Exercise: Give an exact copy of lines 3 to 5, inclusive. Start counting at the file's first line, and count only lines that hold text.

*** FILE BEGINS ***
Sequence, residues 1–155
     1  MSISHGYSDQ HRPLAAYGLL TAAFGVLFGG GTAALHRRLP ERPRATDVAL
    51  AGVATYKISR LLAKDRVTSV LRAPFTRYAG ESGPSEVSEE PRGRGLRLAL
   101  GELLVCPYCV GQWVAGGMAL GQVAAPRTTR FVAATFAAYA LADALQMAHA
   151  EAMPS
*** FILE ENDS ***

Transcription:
    51  AGVATYKISR LLAKDRVTSV LRAPFTRYAG ESGPSEVSEE PRGRGLRLAL
   101  GELLVCPYCV GQWVAGGMAL GQVAAPRTTR FVAATFAAYA LADALQMAHA
   151  EAMPS